As I wrote before I’m playing with Google Cloud services and Golang. In order to get more of a hands-on expirience I’ve decided to create a simple app, providing one-time URLs for supplied input.
App is available as https://onetimergo.deadunicornz.org as well, but the SSL certificate for the custom domain is self signed so you’ll get a certificate warning unless this URL marked as an exception in your browser.
Few words about goals
So far my goal is to learn how to create Golang based web services. App as for now is quite messy – everything is handled within the single function, no tests, form validation is far from perfect, but from functional perspective app does what it is supposed to do – it gets an input and provides you with one-time URL.
As I clean the mess up I’ll possibly post some findings.
App consists of two modules, I try to use ‘microservices’ approach. Default module is basically a middleware between data storage and web server, fetching data with key matching one provided as URI. It checks Memcache first, then persistent Data Store. Sync module iterates over data stored in Data Storage, removes expired entries and re-creates entries in Memcache if they gone.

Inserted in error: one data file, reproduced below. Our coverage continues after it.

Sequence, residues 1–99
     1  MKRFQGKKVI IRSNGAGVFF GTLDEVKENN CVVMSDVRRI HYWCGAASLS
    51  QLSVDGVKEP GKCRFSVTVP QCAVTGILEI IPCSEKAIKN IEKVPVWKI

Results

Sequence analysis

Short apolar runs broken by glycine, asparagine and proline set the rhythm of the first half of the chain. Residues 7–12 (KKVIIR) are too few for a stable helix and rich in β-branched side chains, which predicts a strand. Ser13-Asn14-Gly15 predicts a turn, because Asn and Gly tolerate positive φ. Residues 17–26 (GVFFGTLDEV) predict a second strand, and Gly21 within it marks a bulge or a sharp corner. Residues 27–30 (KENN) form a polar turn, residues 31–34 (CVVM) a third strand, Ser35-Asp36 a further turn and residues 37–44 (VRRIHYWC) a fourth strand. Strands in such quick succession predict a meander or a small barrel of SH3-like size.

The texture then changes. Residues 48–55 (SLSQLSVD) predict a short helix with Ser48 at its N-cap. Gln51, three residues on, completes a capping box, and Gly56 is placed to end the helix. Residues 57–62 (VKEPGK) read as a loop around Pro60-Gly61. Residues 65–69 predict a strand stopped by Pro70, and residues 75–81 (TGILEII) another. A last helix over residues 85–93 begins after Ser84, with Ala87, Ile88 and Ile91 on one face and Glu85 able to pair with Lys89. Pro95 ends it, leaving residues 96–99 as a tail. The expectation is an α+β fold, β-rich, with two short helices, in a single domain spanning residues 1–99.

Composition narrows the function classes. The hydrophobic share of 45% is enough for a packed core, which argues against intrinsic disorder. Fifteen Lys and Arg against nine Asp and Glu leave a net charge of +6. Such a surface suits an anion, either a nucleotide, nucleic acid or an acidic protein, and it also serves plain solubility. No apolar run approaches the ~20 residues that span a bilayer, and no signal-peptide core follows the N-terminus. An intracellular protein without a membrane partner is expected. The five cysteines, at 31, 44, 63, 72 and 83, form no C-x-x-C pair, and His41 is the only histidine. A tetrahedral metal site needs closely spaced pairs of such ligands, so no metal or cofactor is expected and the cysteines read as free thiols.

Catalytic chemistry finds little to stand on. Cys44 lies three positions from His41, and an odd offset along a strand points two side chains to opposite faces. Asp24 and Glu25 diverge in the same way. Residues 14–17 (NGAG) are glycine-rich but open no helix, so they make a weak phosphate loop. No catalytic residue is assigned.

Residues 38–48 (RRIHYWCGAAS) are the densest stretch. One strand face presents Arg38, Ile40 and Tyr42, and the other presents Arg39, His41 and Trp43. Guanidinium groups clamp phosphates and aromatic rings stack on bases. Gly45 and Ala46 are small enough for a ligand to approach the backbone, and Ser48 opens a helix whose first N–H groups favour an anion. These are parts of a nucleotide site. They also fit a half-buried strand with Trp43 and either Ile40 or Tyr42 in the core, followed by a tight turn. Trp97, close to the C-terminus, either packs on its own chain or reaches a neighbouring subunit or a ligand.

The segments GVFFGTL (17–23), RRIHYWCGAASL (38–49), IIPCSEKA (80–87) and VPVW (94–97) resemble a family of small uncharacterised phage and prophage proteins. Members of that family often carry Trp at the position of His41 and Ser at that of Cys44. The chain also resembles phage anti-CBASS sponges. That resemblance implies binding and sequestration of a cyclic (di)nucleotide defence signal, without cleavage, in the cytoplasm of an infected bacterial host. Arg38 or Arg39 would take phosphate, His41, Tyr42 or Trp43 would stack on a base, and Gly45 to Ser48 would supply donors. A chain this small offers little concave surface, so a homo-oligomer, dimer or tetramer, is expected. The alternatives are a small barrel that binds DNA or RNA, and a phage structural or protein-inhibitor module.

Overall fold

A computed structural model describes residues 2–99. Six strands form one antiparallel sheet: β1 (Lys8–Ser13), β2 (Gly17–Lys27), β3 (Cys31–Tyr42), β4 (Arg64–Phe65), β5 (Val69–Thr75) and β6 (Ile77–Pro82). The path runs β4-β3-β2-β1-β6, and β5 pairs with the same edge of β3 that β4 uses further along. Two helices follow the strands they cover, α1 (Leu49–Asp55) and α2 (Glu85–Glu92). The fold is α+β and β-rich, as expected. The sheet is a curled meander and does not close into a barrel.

Note on deploying microservices in Google Cloud. It’s not clear from documentation how exactily you configure several applications within the same project.
You’re supposed to use
goapp command to deploy your application:
The confusing part is
-application option. It does not take application id
or name. It takes Google Cloud project id. So in general you’ll use the same
command to deploy all of microservices. The question is how GAE differentiates
between modules? The answer –
module key in app.yaml
Here is app.yaml for the default service:
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Since there is no ‘module’ key this application will be treated as default.
Here is app.yaml for sync service:
1 2 3 4 5 6 7
If you deploy this app using the same
goapp command GAE will place it
separately, not overwriting default service and allowing parallel operation.
Here is cron.yaml file for
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url key. You can’t put URL with FQDN here, you can use only relative
path. If you don’t supply
target key pointing to the correct module cron
will query /sync on the default application. I’ve spent some time trying to
determine why syncronization does not work and the reason was that cron was
pulling the default module instead of